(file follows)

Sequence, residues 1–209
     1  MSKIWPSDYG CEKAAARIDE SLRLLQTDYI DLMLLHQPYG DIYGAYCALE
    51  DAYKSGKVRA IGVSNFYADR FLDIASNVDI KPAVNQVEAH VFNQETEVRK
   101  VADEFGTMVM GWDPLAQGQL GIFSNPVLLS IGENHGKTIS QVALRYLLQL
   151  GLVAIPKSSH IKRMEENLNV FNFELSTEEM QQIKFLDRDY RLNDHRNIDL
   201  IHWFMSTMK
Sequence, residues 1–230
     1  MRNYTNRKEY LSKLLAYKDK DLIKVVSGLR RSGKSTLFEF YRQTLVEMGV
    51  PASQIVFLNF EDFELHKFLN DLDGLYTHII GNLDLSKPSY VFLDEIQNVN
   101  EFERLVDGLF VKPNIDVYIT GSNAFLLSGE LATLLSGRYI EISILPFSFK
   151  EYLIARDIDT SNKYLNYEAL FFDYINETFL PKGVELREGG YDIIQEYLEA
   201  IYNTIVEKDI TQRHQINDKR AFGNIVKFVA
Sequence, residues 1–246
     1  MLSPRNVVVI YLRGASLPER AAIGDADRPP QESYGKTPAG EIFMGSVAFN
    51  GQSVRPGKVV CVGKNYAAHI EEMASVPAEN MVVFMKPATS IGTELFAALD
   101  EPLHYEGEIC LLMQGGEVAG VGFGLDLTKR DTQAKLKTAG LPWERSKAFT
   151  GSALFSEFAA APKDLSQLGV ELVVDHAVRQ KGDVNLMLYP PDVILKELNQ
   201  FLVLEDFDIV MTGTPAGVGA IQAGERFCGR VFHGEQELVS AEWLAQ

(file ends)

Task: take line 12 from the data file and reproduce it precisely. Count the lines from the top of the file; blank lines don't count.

   201  IYNTIVEKDI TQRHQINDKR AFGNIVKFVA